uitlanders and Boer population in Transvaal. By 1895, the Boer population was nearly outnumbered
by the uitlanders. These uitlanders had to pay higher taxes and
weren’t allowed to vote in elections. Paul Kruger, president of the Republic, wasn’t
planning on being voted out any time soon. It was in late December 1895 the British embarked
on what would become known as the Jameson Raid. A British Militia under Leander Starr Jameson
invaded Transvaal in an attempt to have the uitlanders rise up against the Boer. Well, this failed and in response, Kruger
started importing weapons because he felt the independence of Transvaal was under threat. A thought not too difficult to sympathize
with I’d say. During the next years, Sir Alfred Milner,
the British governor of the Cape Colony, started to increase the pressure on Transvaal in favour
of the uitlanders, after all, they made up the majority of the population in Transvaal
by this point. Kruger demanded Great Britain cede its claim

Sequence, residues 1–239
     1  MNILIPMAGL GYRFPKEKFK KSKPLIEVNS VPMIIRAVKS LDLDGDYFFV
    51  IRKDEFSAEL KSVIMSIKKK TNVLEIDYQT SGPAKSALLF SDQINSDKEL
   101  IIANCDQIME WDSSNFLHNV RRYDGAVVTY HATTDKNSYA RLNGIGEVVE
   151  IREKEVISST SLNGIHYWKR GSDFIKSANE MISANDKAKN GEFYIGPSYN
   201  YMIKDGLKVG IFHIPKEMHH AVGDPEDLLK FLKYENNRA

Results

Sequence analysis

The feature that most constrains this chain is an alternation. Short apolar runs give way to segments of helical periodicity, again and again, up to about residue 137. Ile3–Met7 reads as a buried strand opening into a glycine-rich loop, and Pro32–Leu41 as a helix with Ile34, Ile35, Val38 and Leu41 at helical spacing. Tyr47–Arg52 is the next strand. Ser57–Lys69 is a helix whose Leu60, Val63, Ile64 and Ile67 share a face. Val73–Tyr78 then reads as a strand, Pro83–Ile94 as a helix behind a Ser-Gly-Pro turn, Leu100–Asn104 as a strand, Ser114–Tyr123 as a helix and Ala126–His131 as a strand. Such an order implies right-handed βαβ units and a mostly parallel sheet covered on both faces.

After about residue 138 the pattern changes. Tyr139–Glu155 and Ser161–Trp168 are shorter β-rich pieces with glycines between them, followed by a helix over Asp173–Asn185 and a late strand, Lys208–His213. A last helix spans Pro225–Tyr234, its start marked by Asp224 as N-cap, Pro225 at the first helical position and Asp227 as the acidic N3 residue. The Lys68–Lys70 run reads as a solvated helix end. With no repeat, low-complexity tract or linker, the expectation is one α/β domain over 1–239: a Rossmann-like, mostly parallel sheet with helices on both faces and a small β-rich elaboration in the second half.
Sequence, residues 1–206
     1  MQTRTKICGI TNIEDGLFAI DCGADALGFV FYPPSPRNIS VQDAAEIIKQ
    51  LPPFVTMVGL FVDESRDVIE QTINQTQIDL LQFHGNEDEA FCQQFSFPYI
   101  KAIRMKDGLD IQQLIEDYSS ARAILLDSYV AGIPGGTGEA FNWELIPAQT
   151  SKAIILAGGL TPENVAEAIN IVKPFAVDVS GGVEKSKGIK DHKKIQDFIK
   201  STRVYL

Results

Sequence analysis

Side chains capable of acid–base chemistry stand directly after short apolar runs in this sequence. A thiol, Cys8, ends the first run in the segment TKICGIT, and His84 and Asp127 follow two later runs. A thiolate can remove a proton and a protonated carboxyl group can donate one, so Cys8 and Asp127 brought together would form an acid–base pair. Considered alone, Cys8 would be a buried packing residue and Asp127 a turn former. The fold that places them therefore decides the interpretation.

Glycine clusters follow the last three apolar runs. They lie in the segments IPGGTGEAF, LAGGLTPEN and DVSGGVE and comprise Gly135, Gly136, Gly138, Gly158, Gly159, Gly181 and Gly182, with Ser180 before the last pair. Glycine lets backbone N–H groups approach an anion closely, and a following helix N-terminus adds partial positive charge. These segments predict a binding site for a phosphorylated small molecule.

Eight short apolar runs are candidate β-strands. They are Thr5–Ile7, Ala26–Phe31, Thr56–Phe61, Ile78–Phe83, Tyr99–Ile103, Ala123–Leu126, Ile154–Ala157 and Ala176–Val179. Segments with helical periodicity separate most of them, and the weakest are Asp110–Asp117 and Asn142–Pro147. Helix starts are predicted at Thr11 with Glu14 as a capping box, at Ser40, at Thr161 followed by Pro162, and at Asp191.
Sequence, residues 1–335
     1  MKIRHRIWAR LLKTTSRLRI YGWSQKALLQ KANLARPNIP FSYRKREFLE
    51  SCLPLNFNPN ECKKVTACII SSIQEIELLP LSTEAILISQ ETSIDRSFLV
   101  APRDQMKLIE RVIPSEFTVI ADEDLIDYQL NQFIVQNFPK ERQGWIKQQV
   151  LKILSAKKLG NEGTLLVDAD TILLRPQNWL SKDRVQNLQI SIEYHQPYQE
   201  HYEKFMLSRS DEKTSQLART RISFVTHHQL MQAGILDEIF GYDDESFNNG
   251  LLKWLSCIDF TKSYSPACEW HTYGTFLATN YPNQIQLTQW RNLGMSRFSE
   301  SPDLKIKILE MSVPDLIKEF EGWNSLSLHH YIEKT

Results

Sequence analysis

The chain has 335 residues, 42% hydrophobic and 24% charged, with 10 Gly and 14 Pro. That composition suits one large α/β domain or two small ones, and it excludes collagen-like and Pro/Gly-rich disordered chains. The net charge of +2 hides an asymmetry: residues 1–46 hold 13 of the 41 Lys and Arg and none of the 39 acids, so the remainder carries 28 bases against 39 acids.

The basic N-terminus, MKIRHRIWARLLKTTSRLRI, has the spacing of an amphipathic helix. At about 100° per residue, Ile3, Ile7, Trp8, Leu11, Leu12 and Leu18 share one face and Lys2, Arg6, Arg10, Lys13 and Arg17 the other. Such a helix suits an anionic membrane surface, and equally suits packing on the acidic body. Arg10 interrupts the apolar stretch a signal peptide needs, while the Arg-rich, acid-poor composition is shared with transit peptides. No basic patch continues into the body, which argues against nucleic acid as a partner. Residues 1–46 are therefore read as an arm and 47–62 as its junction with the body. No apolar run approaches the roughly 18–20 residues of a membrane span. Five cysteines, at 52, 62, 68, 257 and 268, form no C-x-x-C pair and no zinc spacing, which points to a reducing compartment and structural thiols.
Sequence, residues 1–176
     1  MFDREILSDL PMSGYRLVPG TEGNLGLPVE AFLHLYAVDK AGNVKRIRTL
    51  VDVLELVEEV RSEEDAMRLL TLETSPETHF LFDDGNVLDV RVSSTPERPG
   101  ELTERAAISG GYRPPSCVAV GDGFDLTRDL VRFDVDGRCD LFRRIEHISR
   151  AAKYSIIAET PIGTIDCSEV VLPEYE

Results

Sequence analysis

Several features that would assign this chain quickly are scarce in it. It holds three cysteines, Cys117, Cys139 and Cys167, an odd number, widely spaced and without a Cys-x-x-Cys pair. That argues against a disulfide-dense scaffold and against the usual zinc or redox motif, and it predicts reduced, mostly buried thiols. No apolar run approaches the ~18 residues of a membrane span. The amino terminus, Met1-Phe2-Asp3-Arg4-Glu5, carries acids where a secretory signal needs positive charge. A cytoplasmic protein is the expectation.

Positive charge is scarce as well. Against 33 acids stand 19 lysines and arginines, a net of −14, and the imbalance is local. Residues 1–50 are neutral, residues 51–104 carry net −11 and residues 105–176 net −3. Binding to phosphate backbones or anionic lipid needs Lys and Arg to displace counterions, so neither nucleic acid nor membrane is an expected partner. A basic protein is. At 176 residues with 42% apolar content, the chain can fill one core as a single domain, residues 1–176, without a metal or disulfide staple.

to Transvaal. Over years negotiations were embarked upon
but both parties refused to give in just a little. British troops had been gathering around the
borders of the Boer republics for a while. And then, Kruger sent an ultimatum to Britain
that expired on the 12th of October 1899, to withdraw their troops. As Britain rejected the ultimatum, the Boer
launched their attacks on British positions, fully convinced if they didn’t, they would
be attacked in no-time. As such, the Boers took up arms because they
were convinced it was the only way they would be able to ensure their independence. The Brits pushed the Boers to extremes. They thought Afrikaander nationalism was a
danger to the superior position of Great Britain in South Africa. Lord Milner, saw Transvaal as a threat to